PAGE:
There are things I love about December.
I love the smell of cinnamon and pine.
I love the haphazard visual cacophony of other people’s badly hung Christmas lights.
I love it when the air turns crisp and tense, allowing my falconry birds to cut through the December sky hard and full of heart. I love snuggling beneath a mound of blankets and a couple of dogs in the drafty chill of a 1925 house. I adore the sound of bells. And Christmas cookies. I really LOVE Christmas cookies. All kinds of Christmas cookies. Pretty much ALL the Christmas cookies.
I hate the holidays though. They have never met my expectations and I’ve never met theirs. The warm gestures, perfection of the human spirit, and magical mysteries of the season have never arrived perfectly timed to the season and at my doorstep – not on accident or by my design. My family celebrates Christmas and I can’t remember a single one in 40 years that wasn’t a disappointment, if not a disaster. (In fairness, I don’t remember the first four. They might have been perfect, but I doubt it.)
Even though I continually tell myself that I’m not expecting anything special, I somehow get let down. Some years it’s a family fight over dinner or just an accidental unkind word in my direction. It’s a dissatisfied look at what I thought was the perfect gift. It’s the silence of my cell phone when I’m hoping for someone I miss deeply to reach out and think of me. It’s that moment when the falcon misses the duck I was hoping to bring home for dinner, because, well Christmas. Come on, falconry gods! It’s not like I asked for a pony!!
I think most of us aren’t really expecting that much, but I’m willing to bet that almost all of us are quietly discontent, if not miserable about the whole ordeal. There is always something missing during the holidays – a person, a promise, or one of those annoying fantasies that every ounce of media insists will soon be ours. ‘Tis the season. You only have to believe!
I think we all have stealth expectations.
Brené Brown in her book Rising Strong describes stealth expectations as those things we expect from ourselves or others, but don’t ever honestly tally. We expect them, but never actually give a thought to whether or not they are possible. And without a reality check on our expectations we are likely to be hurt or even resentful. Christmas is the season of stealth expectations.
In fairness, Christmas isn’t the only event I learned to face with a sense of dread when I was younger. I always felt the same way about my birthdays. No matter how much I hoped, hinted, and wistfully opened the door on my darkened home, no one ever yelled “SURPRISE!” Someone always forgot to call. Boyfriends oddly seemed to manage a breakup right before the next birthday. By the time I was 24 I wanted to burn my birth certificate and ban any reference to it. Instead, I decided to take back the day and make it my own.
When I was 24, I started a ritual that I’ve held vigilantly to this day. I start fasting at sundown the night before my birthday. (So, you’re welcome to forget my birthday cake. I’m not eating it anyway.) Then when the sun sets, I find a quiet private place, light a candle, sip from a goblet of milk, and list all of the year’s most wonderful moments, the ones I want to take with me into my next year. When I’m done, I blow out the candle, leave all the year’s disappointments in the year that made them, and then I go pig out on pretty much everything good I can think of to eat or that happens to fall on my plate. Sometimes I feast with others. Sometimes alone. It doesn’t make a difference. The only thing that matters when you are that hungry is that you feast. So I haven’t had a disappointing birthday in 20 years. I made it my own. I know exactly what the expectations are. I’m getting hungry just thinking about it…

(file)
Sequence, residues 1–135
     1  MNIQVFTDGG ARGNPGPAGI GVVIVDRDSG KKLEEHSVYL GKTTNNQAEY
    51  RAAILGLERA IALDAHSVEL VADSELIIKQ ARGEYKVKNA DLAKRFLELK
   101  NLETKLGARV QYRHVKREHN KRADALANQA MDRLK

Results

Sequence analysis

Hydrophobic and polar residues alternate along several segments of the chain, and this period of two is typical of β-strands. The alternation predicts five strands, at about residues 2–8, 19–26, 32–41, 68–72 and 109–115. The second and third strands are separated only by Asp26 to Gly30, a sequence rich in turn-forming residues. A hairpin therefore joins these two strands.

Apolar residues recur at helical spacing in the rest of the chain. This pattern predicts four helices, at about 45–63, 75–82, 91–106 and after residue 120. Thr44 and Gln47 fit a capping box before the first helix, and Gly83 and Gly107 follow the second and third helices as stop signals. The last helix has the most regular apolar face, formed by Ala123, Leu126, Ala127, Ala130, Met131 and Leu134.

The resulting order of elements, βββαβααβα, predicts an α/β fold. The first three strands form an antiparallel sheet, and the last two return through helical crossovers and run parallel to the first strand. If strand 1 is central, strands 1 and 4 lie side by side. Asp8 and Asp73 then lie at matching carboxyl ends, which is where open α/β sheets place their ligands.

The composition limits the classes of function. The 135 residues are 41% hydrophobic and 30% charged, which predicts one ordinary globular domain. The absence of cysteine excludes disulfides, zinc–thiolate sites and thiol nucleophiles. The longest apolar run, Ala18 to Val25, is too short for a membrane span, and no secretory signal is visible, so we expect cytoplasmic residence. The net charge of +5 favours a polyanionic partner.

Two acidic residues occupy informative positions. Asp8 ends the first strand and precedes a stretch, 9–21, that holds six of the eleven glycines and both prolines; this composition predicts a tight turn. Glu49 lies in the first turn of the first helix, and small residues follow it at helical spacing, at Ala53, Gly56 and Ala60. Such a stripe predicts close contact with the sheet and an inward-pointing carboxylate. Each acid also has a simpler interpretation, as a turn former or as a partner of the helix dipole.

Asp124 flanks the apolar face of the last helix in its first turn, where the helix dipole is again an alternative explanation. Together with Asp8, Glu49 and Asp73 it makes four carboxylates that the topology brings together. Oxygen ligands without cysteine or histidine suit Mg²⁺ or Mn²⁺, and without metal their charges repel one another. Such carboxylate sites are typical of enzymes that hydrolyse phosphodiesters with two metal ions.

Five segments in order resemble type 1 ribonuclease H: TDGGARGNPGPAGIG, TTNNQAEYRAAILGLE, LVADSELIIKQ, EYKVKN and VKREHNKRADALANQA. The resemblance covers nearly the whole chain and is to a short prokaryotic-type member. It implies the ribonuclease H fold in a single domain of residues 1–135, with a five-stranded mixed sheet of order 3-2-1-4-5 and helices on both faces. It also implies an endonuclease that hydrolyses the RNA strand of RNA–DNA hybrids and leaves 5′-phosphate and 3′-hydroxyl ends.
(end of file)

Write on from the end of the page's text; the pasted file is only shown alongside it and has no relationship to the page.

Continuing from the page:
I don’t know why I’ve never done something like this for Christmas, which is an inherently more difficult season. I mean, they don’t bombard me with advertisements for my birthday. I don’t have to feel guilty that I barely made my mortgage and for the fourth year in a row no one is getting presents. I don’t spend a lot of time trying not to think about who will never again be sitting at the family table. The whole world isn’t pressuring me to smile, be cheery, and grateful. And blessedly, there are no mythical beings passing judgement and deciding whether or not to bring birthday magic.
I don’t believe in the holiday season, but I’ve seen the commercials, the magazine ads, and the billboards. So, I feel the same way I feel about aliens and ghosts. I don’t believe, but I really really want to believe. You see, apparently I’m going to get a boyfriend, quite possibly an engagement ring, a festive family, no new life disasters (not during the holidays!), a big unexpected gift that makes me feel loved (probably a new car—that seems standard), a flood of love from strangers, at least five new reasons to be joyous and hopeful, and maybe even a Clydesdale.
Except that I’m not. In fact, where would I even PUT a Clydesdale? And why would I want my wonderfully imperfect family and friends to suddenly be absolutely picture-perfect examples of humanity. I’d be wondering if it was Christmas —or an intervention. (Or perhaps if they’re actually those aliens I want to believe in, but those aren’t the sort of aliens I’m hoping for.) And I’m pretty sure that those Hallmark-movie Christmas boyfriends who ask you to marry them in three days’ time, actually end up being the serial killers on next year’s Lifetime movies.
So this year, I’m taking back Christmas and I’ve been carefully considering my expectations.
Here’s what I’m expecting… cinnamon, pine, other people’s badly hung Christmas lights, falconry birds against a winter sky, cold nights with warm snuggly dogs, the bright jingle of copper bells, and cookies, maybe even ALL the cookies –even if I have to make them myself.
May your holiday expectations be realistic, merry, and bright!